It has already been over two months since the mega earthquake and tsunami hit Japan. The Fukushima Daiichi nuclear power plant problem is ongoing. The current plan/estimate is to stabilize the plant in six to nine months, and that is the best-case scenario. Meanwhile, in my city, Koriyama (population 336,232), hourly radiation fallouts have been decreasing and are averaging around 1.35 micro sieverts per hour lately. The city is monitoring the radiation levels in food, and water, as well as in outdoor spaces such as parks. As a precaution, nursery schools, kindergarten, and schools at the K-12 level have implemented restrictions in the use of schoolyards. There have been efforts to reduce the effect of radiation fallout at schools in my city by covering the contaminated topsoil with soil extracted from a lower stratigraphic level. The mayor initially experimented with removing the topsoil completely, but there have been problems in finding a location to dump the soil. In either case, there has been a reduction in the level of radiation detected on the ground after the treatment. Radiation and earthquakes have been an everyday topic of conversation for people here in Fukushima. Since the earthquake on March 11, we have not yet had one aftershock-free day in my city, but, thankfully, the ones we are getting lately have been pretty small.
It has been interesting to observe a great variety of opinions regarding the situation in Fukushima and radiation risks on the internet, especially on Twitter. As a Fukushima resident, it is surreal to read people’s tweets and blogs that claim Fukushima–the entire Fukushima prefecture–is uninhabitable. Many people and some environmental organizations, like Friends of the Earth Japan suggest that government’s provisional standard for the safe level of radiation exposure for school children (under this emergency circumstance) is set unacceptably high (The Ministry of Education, Culture, Sports, Science and Technology has recently announced that it will reduce the acceptable annual radiation exposure for Fukushima children from provisional 20 mili sieverts to 1 mili sieverts. It is not clear right now what more will or can be done to meet the new goal). Meanwhile, life is going on as usual here in Koriyama. The current event has made me think a lot about scientific and social understandings of risks, and the classic environmental topic of costs and benefits.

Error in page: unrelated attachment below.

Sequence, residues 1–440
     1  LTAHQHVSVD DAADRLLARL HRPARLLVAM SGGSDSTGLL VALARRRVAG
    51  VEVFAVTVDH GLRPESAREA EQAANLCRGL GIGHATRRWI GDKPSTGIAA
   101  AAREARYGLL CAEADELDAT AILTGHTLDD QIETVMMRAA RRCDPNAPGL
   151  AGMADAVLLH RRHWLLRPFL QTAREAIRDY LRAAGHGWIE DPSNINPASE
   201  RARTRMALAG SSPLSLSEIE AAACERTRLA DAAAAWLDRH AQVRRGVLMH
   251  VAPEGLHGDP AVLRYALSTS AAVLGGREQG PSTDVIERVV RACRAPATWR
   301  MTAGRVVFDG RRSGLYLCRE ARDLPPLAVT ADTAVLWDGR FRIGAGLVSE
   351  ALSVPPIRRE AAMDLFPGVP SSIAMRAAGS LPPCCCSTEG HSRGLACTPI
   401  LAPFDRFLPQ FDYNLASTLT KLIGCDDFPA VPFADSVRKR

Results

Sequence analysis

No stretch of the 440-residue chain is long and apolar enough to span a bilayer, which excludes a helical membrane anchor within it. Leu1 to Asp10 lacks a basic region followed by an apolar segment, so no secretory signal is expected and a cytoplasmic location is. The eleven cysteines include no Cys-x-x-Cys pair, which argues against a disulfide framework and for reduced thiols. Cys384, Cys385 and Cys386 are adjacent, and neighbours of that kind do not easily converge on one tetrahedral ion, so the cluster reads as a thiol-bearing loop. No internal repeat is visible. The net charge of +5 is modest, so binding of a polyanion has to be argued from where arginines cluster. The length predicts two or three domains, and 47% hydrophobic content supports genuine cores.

The main attraction of Fukushima prefecture is the beautiful landscape and great food (and many hot springs as elsewhere in Japan). It is a sad truth that it will be a long while before people think of food from Fukushima only in terms of how delicious and fresh it is. Right now, it is more about monitoring to ensure the safety of the produce grown here. Tourism in Fukushima is suffering. Actually, Japan’s tourism industry as a whole seems to be suffering, as many foreigners avoid Japan altogether. Japan is open for business, as well as most parts of Fukushima.
As for the physical damage caused by the March 11th earthquake, in the city of Koriyama, there were more damage than I initially thought. One person died in a partially collapsed building, and about 1,190 houses/buildings have been deemed damaged beyond repair (according to the summary of the damage of the earthquake listed in the Asahi Shimbun on May 29, 2011, p. 28). The entire northeast region of Japan faces a long road to recovery. This is also the chance to build new, well planned out cities. For Fukushima, the challenge is complicated by actual radiation fallout as well as the prefecture’s name association with the infamous nuclear power plant disaster. Fukushima prefecture is the entrance to the rest of the Northeast (Tohoku) Japan. The major arteries of Japan such as the railroad for Shinkansen (the bullet train) and Tohoku highway run through Koriyama-City and Fukushima-City (the capital, population 291,732). Fukushima’s recovery is crucial for the well-being of Northeast Japan, as well as for Japan as a whole.